Articles began appearing in the press about threats of violence at the inauguration of President-elect Abraham Lincoln in March. Lincoln did not take these very seriously, but he did express a different concern to his Secretary of State-designate, William H. Seward:
“It seems to me the inaugeration (sic) is not the most dangerous point for us. Our adversaries have us much more clearly at disadvantage, on the second Wednesday of February, when the (Electoral College) votes should be officially counted. If the two Houses refuse to meet at all, or meet without a quorum of each, where shall we be? I do not think that this counting is constitutionally essential to the election; but how are we to proceed in absence of it? In view of this, I think it is best for me not to attempt appearing in Washington till the result of that ceremony is known.”
As the month progressed, southern politicians began leaving Washington to return to their seceding states and Lieutenant General Winfield Scott, general-in-chief of the U.S. Army, began bolstering the capital’s defenses. This prompted Illinois Congressman Elihu B. Washburne to write Lincoln from Washington: “The threat of the conspiracy to seize this city will be broken by the preparations of Genl. Scott and the going away of the members from the seceding States. The retiring of Toombs, Jeff. Davis, Clay, Brown and others weakens secession here very much… It looks to me now more favorable for quiet here than it has done for sometime.”
Part of the reason why southern politicians were leaving the capital was because compromise efforts had failed. When Senator John J. Crittenden’s proposals to preserve the Union were defeated in Congress, some urged Lincoln to reaffirm his pledge not to interfere with slavery where it already existed. But Lincoln felt that such a statement would make him look too desperate to appease the South. This feeling was affirmed by Republican Senator James Doolittle of Wisconsin, who told Lincoln that the “disease” of secession was “so deep seated” that any offer to compromise with the South now “would be treated with contempt as wrung from our fears.”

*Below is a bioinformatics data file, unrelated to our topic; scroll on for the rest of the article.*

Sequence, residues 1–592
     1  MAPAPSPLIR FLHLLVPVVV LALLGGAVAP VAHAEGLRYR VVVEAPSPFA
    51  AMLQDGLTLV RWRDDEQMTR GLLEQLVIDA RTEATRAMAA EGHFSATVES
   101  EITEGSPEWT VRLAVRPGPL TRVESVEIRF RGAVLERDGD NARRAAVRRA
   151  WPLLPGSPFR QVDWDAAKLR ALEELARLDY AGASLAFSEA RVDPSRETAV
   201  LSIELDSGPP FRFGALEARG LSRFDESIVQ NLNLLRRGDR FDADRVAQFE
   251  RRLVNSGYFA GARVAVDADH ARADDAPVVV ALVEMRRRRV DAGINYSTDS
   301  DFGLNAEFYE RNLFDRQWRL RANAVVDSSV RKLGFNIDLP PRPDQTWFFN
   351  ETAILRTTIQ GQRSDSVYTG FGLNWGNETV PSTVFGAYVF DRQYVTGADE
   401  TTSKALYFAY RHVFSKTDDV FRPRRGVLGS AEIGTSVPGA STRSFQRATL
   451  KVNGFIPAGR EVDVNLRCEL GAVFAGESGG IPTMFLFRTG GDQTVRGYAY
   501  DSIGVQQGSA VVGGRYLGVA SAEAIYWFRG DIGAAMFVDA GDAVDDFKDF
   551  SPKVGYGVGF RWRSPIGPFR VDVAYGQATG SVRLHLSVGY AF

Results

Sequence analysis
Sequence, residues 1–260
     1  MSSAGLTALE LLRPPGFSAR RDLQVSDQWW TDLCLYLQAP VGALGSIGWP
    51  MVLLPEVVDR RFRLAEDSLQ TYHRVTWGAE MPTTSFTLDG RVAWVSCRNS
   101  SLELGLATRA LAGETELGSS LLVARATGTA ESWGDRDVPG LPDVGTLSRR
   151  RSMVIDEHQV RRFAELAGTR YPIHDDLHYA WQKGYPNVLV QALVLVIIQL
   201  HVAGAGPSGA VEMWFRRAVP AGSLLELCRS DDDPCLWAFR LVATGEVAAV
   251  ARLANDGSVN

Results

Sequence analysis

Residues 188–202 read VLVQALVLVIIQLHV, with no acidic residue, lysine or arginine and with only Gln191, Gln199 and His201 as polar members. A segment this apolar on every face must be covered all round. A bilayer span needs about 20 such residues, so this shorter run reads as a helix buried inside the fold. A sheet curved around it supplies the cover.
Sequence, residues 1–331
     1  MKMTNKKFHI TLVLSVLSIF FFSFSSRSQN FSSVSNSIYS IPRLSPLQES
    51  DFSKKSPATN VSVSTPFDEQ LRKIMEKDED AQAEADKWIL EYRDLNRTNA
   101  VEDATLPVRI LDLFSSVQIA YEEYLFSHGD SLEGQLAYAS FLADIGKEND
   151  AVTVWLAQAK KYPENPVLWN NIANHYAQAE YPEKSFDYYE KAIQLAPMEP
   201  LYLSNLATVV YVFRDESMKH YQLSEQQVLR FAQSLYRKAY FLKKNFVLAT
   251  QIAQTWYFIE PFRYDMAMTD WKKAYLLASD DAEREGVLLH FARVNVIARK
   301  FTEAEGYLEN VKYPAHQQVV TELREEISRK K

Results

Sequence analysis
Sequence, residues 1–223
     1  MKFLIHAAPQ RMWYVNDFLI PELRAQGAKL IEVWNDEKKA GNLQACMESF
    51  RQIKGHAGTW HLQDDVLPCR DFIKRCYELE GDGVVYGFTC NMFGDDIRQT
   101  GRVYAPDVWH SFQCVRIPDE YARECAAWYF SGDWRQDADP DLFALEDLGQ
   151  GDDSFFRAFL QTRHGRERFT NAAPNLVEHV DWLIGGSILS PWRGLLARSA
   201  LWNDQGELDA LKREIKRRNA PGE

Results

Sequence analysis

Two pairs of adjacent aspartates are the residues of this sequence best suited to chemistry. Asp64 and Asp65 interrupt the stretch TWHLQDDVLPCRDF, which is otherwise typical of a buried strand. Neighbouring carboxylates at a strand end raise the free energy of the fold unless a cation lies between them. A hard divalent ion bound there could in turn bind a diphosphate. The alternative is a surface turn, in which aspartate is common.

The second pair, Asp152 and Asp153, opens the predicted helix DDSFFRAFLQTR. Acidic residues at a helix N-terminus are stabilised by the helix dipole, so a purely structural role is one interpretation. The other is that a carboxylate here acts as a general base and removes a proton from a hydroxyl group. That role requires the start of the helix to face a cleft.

But others continued pressing Lincoln to try anything to keep the Union together. Seward, who had once called the division between North and South an “irrepressible conflict,” now advised Lincoln, “Every thought that we think ought to be conciliatory, forbearing and patient, and so open the way for the rising of a Union Party in the seceding States which will bring them back into the Union.”
Lincoln was less optimistic that southern Unionists could stop secession, and he remained firm on opposing the expansion of slavery. When Republican Congressman James T. Hale of Pennsylvania implored the president-elect to endorse extending the Missouri Compromise line to the Pacific in a last-ditch effort to avoid disunion, Lincoln replied:
“We have just carried an election on principles fairly stated to the people. Now we are told in advance, the government shall be broken up, unless we surrender to those we have beaten, before we take the offices. In this they are either attempting to play upon us, or they are in dead earnest. Either way, if we surrender, it is the end of us, and of the government. They will repeat the experiment upon us ad libitum (in accordance with desire). A year will not pass, till we shall have to take Cuba as a condition upon which they will stay in the Union. They now have the Constitution, under which we have lived over 70 years, and acts of Congress of their own framing, with no prospect of their being changed; and they can never have a more shallow pretext for breaking up the government, or extorting a compromise, than now. There is, in my judgment, but one compromise which would really settle the slavery question, and that would be a prohibition against acquiring any more territory.”